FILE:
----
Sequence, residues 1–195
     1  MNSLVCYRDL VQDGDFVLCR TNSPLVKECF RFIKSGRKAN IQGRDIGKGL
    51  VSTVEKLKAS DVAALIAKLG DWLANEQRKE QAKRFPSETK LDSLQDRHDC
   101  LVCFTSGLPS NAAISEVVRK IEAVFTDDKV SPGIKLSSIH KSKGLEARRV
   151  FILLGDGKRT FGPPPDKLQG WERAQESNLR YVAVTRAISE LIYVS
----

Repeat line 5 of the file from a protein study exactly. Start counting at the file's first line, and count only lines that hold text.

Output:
   151  FILLGDGKRT FGPPPDKLQG WERAQESNLR YVAVTRAISE LIYVS